Published on September 24th, 2013 | by Jami Scholl
Tips for Planting Fruit Trees
You’ve spent hours measuring, sketching dreaming of safe fresh food from your own garden. You’ve even determined what vegetable plants you want to grow, such as garlic, and not grow, such as artichokes. Yet it has come to the point in the plan where you see those squiggly round circles that designate fruit trees when you think, “what now?”
Having delicious fresh fruit growing in their yard is something that most people are not able to access because of land or space restrictions. But if you have a little bit of space it is still possible! Fruit trees, the semi-dwarf variety that most people plant, will take from 5-7 years to begin to produce, with another three to five years to get to top production. Dwarf fruit trees will reach top production sooner, and for full sized standards add another five or so years.
Unlike when planting for one season growing for annuals, the amount of money invested into purchasing fruit trees might give you pause. And it should. Here are some of my favorite tips for planting fruit trees to consider when preparing your autumn order for fruit trees. Following these tips will help you have your own successful homegrown fruit harvests!
- How big will it get? Fruit trees are usually grafted. Cuttings taken in winter are then grafted onto rootstock. The cutting determines the type of fruit and variety with the rootstock determining the size of the plant. When determining the size of the plant, such as dwarf, semi-dwarf or full sized, be sure size of the plant does not outgrow your location.
- Disease resistance. Both the cutting and rootstock help determine disease resistance. Although heirloom varieties are valuable to have, they may not be the best choice for your garden. It’s wise to consider that having one disease prone plant can bring a disease to your other plants. Resistance means just that – it will resist the disease, although it still has a chance to catch it.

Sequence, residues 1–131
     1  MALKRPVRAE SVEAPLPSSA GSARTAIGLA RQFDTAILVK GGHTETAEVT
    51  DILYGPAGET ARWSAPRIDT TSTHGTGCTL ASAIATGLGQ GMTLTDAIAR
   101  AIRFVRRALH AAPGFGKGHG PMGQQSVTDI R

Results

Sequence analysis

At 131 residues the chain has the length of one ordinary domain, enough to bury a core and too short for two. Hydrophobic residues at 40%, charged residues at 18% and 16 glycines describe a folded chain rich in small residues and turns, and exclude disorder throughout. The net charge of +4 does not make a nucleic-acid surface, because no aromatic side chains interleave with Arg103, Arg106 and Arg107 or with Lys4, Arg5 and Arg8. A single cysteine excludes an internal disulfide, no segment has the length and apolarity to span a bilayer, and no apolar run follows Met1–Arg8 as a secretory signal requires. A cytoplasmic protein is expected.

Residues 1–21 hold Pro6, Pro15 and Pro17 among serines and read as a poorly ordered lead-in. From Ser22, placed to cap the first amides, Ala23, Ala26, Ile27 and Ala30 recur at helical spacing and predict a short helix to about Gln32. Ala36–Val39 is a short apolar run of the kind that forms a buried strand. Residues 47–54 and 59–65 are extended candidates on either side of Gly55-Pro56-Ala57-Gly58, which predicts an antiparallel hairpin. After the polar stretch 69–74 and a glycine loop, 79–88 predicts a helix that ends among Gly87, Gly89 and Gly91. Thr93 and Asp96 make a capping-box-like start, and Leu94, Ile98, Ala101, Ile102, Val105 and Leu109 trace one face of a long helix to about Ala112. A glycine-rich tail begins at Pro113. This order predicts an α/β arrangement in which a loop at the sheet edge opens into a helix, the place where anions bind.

- Juglone. Be aware of the plants growing around where you wish to plant your fruit tree. Look up. Can you identify a walnut tree? If so, then make sure that there is plenty of distance between the walnut and your fruit tree. Walnut trees produce a toxic substance called juglone. It is found in every part of the tree. And note that the roots of the tree will reach farther out than the drip line, or the furthest reaching branches of the walnut tree.
- Soil. The quality of the soil is not to be underestimated. Too much clay? Your tree could suffer from root rot during wet springs. Not enough phosphate? Root development could be hindered. Too much nitrogen? The tree will be green and leafy, although root growth will be negatively affected with the excess nitrogen maybe allowing for disease susceptibility. Be sure to get a soil test done, preferably a year before planting. Don’t have a year to wait? It’s ok. Get one done as soon as possible.
- Chill hours. This isn’t hours spent relaxing, but the number of hours at 45 degrees or less that a fruit tree requires in winter to flower and bear fruit in the spring.
- Sunlight. Full sun is the preference for fruit trees. Although if you want to grow Pawpaw’s, they appreciate shade the first few years after transplanting.
- Cross-pollination. Most fruit plants need another variety with which to pollinate, this is also determined by bloom time and variety. If you’ve little space, then it may be a good decision to buy a type of tree that has different varieties grafted onto one trunk. Place these trees within 100 feet of one another to ensure that bees will be able to easily travel the distance between the trees.
Apple tree image from Shutterstock